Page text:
Minor symptoms a big deal in nasal polyposis

Published on November 14, 2012 at 9:15 AM · No Comments

By Sally Robertson, medwireNews Reporter

Asthma does not have any significant influence on quality of life (QoL) among patients with nasal polyposis (NP), but it may increase the intensity of individual minor symptoms such as headache, or fullness in the ears, report researchers.

"Generally, insufficient attention is paid to minor symptoms in the literature," write Zoran Dudvarski (Clinical Center of Serbia, Belgrade) and colleagues in the European Archives of Otorhinolaryngology. "Some [symptoms] may be potentiated by the associated asthma and thus, owing to their intensity may have the same clinical significance as individual major symptoms."

According to some studies the prevalence of asthma among NP patients is 45%, say the authors. However, few studies have investigated the influence of asthma on QoL, despite previous research having shown that NP may lead to significant limitations in physical, emotional, and social aspects of life, they add.

In a cross-sectional analysis of 88 patients with bilateral NP, 35 (40%) of whom had asthma, there were no significant between-group differences regarding mean scores for the major health domains of physical function, physical role, body pain, general health, vitality, social function, emotional role, and mental health, as assessed by the Short Form-36 Health Survey.

However, the mean scores for minor symptoms of headache, fatigue/malaise, and cough were significantly higher in those with versus without asthma, at 2.69 versus 2.40, 4.71 versus 4.00, and 3.20 versus 2.32, respectively.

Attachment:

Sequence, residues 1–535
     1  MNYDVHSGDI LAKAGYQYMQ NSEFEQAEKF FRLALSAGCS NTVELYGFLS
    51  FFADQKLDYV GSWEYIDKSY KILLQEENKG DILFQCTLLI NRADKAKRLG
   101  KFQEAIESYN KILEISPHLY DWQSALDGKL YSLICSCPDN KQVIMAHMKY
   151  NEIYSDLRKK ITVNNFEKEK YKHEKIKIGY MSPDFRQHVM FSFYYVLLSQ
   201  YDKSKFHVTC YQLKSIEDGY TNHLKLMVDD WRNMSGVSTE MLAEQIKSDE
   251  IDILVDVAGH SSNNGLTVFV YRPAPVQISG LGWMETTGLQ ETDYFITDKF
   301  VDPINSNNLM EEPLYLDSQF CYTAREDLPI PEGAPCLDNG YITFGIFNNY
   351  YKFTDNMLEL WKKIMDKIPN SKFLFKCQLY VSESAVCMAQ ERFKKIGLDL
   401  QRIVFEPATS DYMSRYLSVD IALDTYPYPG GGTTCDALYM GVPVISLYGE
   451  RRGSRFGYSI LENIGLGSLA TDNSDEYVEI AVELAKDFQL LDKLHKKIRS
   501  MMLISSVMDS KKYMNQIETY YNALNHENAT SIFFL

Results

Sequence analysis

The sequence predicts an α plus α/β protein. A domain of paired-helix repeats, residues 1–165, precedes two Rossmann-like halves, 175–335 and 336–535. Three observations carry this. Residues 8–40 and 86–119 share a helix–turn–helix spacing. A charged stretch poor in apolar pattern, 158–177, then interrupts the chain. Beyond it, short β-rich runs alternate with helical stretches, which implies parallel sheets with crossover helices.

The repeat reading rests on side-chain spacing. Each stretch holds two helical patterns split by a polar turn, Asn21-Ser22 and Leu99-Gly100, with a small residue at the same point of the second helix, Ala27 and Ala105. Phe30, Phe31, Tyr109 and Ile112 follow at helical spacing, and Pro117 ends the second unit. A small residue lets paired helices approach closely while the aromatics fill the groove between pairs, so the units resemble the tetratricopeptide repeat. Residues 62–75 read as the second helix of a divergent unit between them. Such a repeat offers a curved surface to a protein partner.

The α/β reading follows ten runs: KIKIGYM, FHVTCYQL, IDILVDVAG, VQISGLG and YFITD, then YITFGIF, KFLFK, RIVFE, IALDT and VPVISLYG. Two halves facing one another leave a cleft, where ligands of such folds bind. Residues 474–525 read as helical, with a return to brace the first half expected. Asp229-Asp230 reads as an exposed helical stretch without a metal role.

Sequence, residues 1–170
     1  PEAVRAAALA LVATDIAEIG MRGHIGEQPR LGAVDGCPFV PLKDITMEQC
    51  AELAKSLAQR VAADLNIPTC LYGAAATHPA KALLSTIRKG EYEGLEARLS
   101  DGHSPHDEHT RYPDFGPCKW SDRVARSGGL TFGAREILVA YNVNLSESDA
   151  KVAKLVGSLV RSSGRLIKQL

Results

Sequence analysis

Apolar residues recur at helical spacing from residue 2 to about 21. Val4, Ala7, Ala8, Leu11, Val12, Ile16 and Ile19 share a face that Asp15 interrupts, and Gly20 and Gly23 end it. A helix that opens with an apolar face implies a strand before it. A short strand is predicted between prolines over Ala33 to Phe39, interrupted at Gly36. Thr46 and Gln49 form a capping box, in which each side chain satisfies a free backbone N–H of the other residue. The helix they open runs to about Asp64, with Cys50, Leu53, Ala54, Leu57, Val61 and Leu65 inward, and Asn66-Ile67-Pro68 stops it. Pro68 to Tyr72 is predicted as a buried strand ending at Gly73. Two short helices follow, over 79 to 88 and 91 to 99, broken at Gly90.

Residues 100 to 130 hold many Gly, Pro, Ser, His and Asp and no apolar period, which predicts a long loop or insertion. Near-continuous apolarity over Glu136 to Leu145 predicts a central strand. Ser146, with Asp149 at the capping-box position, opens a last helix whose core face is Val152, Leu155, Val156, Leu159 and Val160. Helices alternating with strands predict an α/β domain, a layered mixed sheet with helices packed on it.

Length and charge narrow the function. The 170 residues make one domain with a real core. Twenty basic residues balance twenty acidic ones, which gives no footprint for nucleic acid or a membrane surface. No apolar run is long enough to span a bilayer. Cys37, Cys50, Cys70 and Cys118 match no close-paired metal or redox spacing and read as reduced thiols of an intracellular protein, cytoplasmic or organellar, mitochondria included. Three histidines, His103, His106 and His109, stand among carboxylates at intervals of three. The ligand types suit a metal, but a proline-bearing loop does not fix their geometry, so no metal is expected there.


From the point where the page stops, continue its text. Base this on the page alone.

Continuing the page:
Although these symptoms are only minor NP symptoms, they represent significant symptoms in other lower respiratory tract diseases, note Dudvarski et al. "Therefore, it may be expected to a certain extent for them to be more prominent in the group of NP patients with asthma."

The team also compared endoscopic and computerized tomography (CT) sinus findings in NP patients with and without asthma. This did not reveal any significant between-group differences in mean endoscopic score (grading of polyps, secretion, edema, crusts, and adhesions), but did reveal a significant difference in CT score (grading of opacification and obstruction), at a mean of 20.4 in those with asthma, compared with 17.5 in those without the condition.

The score for another minor symptom, fullness or pressure in the ears, was also significantly higher in those with than without asthma, at a mean of 3.00 versus 2.15. This is probably the result of a higher degree of inflammation, which is clinically reflected in greater polyp volume as well as significant CT findings, says the team.

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